MANY PROS BELIEVE that aggressive poker is the way to go in no-limit hold 'em. By betting out, you put pressure on your opponents to have a hand or risk making a big mistake.
But sometimes, when you have a read on your opponent and you have position, your strongest move is the one that appears to be the weakest. This strategy can be particularly profitable in a deep-stack tournament such as the World Poker Tour's $15,000-buy-in Five Diamond World Poker Classic at Las Vegas' Bellagio in 2006, where players started with $30,000 in chips.
With blinds at a modest $100-$200, accomplished pro Ted Forrest limped from early position, as did two other players. Daniel Negreanu, one of the few players to own a World Poker Tour title and World Series of Poker bracelet, also limped from late position with 2-5 of clubs. Both blinds came in as well, so six players saw a flop of 10-2-2, two diamonds.
After two checks, Forrest bet $700. Two players called. The action was on Negreanu, who held trip deuces.
"It's unlikely that he has a flush draw, but he could have one," Negreanu said. "But he also could have pocket 10s or A-2. Those are possible. I'm just letting him do the pushing and see what happens."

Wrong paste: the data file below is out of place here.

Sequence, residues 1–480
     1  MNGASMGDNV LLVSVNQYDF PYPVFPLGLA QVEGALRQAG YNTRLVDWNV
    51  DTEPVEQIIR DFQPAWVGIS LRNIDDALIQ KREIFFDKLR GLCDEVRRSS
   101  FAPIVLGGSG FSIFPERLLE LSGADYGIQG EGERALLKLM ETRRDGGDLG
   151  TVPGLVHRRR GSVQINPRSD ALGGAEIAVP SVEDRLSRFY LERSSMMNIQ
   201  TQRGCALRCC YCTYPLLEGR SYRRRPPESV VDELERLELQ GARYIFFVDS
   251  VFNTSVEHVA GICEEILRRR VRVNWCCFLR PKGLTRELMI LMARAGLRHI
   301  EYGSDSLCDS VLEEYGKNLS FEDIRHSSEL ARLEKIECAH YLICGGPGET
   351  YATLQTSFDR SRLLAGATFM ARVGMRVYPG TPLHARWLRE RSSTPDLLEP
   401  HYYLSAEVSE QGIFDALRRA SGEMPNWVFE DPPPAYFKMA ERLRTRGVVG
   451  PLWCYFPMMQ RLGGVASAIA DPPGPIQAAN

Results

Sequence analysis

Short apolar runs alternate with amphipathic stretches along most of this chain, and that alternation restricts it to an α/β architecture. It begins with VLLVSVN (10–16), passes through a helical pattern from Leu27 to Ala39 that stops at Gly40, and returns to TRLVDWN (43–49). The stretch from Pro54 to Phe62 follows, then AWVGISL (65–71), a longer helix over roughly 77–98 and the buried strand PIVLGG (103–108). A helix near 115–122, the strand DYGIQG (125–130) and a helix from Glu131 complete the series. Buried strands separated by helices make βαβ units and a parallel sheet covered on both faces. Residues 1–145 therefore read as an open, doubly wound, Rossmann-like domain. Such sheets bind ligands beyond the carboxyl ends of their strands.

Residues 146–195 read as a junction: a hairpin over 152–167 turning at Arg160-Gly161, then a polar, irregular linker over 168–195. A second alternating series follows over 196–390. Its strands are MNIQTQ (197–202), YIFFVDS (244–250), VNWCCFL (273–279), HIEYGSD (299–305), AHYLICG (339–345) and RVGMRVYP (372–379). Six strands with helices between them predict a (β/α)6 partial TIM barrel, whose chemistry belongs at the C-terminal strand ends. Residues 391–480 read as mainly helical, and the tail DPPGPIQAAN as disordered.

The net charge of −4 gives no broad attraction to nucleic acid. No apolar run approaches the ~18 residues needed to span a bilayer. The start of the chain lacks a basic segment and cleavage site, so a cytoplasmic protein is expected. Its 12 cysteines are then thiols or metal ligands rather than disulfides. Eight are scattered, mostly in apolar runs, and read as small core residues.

Negreanu called and the blinds folded, so four players saw an offsuit 4 on the turn. Forrest bet about half the $4,000 pot. The next two players folded.
"I didn't see much of a reason to raise," Negreanu said. "Plus, at the same time, by smooth-calling quickly, I'll make it look like I have a draw, so maybe he'll try to bluff me on the river. If he's on a draw and he thinks I'm on a draw, he might bluff on the river and try to rob me. So, I just call it, playing really meek."
The river came: an offsuit 8. Still playing aggressively, Forrest bet out $2,500.
"At this point in a tournament like this, there's no point in raising," Negreanu said. "If I raise, he's not going to call me unless he's going to crush me, and if I do raise him and he moves all in, what am I going to do then? Call him and go broke? No, I'll probably have to fold. So, if he's bluffing, I figure I'll just call and take it."
Which is exactly what happened.
"It's a situation where a lot of amateurs would've overplayed their hands by raising on the flop, raising on the turn, raising on the river, and [they] would've exposed themselves in case Ted had a good hand and might've lost a lot more," said Negreanu, who interacts on the Full Contact Poker site.
"What I did was make the most by risking the least. I never exposed myself at any point. I controlled the pot size with position by just calling him. I'm still getting paid because he's betting for me, and he bluffed the river, whereas he wouldn't have if I had raised him on the turn. So, I maximized it by playing cautiously."